Divyang-Friendly Measures need to be Integrated at Planning Stage for Ensuring Inclusive Growth in Smart Cities in India: Hardeep Puri


New Delhi: Shri Hardeep Singh Puri, Minister of State for Housing and Urban Affairs ( I/C), has stressed on the need for integrating divyang-friendly measures in various projects being implemented in the Smart Cities in India. This, he said, is required at the initial project planning stage to ensure that cities become divyang-friendly, accessible and inclusive. He was speaking at an interactive session on “Divyang Friendly Measures and Policy Recommendations for Smart Cities in India” here today. He said that in conjunction with the Atal Mission for Rejuvenation and Urban Transformation (AMRUT), the Smart Cities Mission seeks to ensure that the most vulnerable sections of our society enjoy ‘Ease of Living’ in Indian cities. The workshop, organised by the National Institute of Urban Affairs, had participation from divyang persons from different walks of life and eminent citizens and experts, including several international sports personalities.

Addressing the participants, Shri Puri said that the feedback emanating from such stakeholders’ interactions will be sent to the CEOs and project managers of the Smart Cities to be incorporated in their plans. He said that these measures will improve the “ease of living” for those who lacked accessibility to all facilities.Lamenting that India particularly lacks data on disability, Shri Hardeep Puri said that “we will be looking at 25% of the population that will need universal accessibility in order to live independently and with dignity.” He asserted that the Disability Act of 1995 also mandated accessibility for persons with disabilities. He pointed out that the “Clause 40-48 of the VIIIth Chapter of the Rights of Persons with Disabilities Act, 2016 also mandates making all buildings, services and products accessible giving definite timelines for implementation and retrofitting.”

The Minister was categorical in saying that “the standards exist, legislation is in place, thus we now have no reason to ignore this very urgent issue of accessibility any longer.” He outlined that according to the United Nations, a mere 1% additional cost is incurred for incorporating universal design and accessibility in the design and planning stage itself. Stating that India is at an interesting cusp, Shri Puri said that “we have the Accessible India Campaign, AMRUT, HRIDAY, Swachh Bharat, Digital India and the Smart Cities Mission – and accessibility cuts across them all.”

He further said that “clarity must be maintained on the standards applicable,” and added that “NCPEDP worked closely with BIS to update the National Building Code 2016 to ensure that accessibility cuts across all chapters and section.” Shri Puri said that accessibility also makes for a business case, adding that tourism-based cities are likely to face an opportunity loss of an estimated 15-20% of the global market share if they exclude tourists with disabilities. “Leaving people with disabilities out of economic opportunities leads to a loss of 3-7%of GDP annually,” he added.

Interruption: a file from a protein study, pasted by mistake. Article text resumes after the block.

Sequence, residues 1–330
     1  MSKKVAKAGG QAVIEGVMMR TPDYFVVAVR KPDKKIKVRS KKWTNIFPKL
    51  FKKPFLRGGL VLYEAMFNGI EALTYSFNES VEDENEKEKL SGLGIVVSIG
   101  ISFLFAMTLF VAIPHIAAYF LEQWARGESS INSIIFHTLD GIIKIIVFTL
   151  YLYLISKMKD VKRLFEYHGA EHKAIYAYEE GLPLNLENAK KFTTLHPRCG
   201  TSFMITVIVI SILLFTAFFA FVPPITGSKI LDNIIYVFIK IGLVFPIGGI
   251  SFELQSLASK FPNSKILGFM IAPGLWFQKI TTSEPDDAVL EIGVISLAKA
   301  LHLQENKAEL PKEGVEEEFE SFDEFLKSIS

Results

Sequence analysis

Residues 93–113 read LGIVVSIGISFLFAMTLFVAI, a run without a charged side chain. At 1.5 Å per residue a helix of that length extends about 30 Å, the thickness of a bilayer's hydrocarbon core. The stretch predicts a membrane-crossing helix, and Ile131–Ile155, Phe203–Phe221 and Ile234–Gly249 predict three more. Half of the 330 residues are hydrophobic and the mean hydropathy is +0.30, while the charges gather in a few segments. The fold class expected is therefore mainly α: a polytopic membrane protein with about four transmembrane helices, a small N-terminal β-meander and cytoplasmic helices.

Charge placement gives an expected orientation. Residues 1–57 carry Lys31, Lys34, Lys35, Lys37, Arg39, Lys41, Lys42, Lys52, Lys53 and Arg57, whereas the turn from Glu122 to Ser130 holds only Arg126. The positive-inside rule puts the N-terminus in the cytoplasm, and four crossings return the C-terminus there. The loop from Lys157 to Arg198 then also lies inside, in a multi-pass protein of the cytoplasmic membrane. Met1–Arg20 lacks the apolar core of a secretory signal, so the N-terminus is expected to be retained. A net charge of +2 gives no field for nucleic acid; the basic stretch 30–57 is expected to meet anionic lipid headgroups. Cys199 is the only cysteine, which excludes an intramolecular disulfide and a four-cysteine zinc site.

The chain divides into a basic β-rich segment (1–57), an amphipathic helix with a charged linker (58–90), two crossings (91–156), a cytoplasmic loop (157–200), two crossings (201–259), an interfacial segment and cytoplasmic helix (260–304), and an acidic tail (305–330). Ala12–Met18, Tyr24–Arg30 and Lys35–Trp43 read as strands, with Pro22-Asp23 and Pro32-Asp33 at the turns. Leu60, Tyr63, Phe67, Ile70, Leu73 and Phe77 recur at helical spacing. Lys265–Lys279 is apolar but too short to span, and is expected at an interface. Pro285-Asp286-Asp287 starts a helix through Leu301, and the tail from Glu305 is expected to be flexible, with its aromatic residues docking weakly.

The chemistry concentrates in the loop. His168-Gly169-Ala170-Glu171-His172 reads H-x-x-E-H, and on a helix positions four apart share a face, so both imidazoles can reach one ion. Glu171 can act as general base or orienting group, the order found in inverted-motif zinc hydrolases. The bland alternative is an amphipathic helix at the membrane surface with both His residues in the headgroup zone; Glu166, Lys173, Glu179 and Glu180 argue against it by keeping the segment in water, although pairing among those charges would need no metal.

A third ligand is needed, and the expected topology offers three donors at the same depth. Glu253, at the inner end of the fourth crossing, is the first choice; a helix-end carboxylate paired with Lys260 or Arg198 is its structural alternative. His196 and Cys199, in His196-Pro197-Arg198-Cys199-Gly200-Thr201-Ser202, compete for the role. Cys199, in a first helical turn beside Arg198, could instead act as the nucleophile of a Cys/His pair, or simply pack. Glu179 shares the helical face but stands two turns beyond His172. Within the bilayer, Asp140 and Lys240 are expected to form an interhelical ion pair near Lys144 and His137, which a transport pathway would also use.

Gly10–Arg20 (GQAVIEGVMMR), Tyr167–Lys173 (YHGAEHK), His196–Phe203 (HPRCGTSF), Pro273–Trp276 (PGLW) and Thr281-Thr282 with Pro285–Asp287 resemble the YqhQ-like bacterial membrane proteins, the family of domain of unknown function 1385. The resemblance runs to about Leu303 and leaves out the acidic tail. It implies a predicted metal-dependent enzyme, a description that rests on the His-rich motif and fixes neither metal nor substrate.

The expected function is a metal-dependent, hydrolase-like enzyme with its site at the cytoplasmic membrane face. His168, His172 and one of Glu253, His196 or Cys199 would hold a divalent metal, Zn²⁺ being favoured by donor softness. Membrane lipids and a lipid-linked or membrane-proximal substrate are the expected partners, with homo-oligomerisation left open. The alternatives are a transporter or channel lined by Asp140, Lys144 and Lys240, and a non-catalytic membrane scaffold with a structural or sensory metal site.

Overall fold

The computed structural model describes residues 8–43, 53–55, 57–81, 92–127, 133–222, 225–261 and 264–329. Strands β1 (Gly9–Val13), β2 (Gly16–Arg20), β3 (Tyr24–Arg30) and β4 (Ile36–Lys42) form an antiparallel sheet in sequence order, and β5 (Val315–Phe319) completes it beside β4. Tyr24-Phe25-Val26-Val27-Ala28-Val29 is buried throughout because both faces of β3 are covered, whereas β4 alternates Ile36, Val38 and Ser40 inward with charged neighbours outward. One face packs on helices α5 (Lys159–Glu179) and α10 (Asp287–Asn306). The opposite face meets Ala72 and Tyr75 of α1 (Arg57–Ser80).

Shri Hardeep Puri also said that accessibility needs to be looked at beyond the built infrastructure alone. He said, “with a growing digital interface, technology must be made accessible too – municipal apps, bus shelters, kiosks, red light junctions, ATMs, all need to be made accessible for people with disabilities. Signage captioning is important for the deaf and hearing-impaired. Products that we use must be accessible- e.g. low floor buses, lifts and elevators that announce the floor reached for people with visual disabilities, etc.”

The Smart Cities Mission adopts a unique approach to urbanization, adding that at its core, the Mission promotes the access to infrastructure for all citizens and this becomes a platform to provide social justice. The Minister pointed out that the 2030 Agenda for Sustainable Development with its 17 goals and 169 targets, has given the nations of the world a very ambitious framework with the underlying theme of ‘Leave No One Behind’. “This framework is inspired by the Indian ethos of Sarvodaya through Antyodaya,” he said, stating further that people with disabilities are among the most marginalised – not because of their disability but because of an environment that is hostile insensitive and inaccessible.

The Minister elaborated on the “Article 36 of the New Urban Agenda’ which said, “We commit ourselves to promoting appropriate measures in cities and human settlements that facilitate access for persons with disabilities, on an equal basis with others, to the physical environment of cities, in particular to public spaces, public transport, housing, education and health facilities, public information and communication (including information and communications technologies and systems) and other facilities and services open or provided to the public, in both urban and rural areas.”


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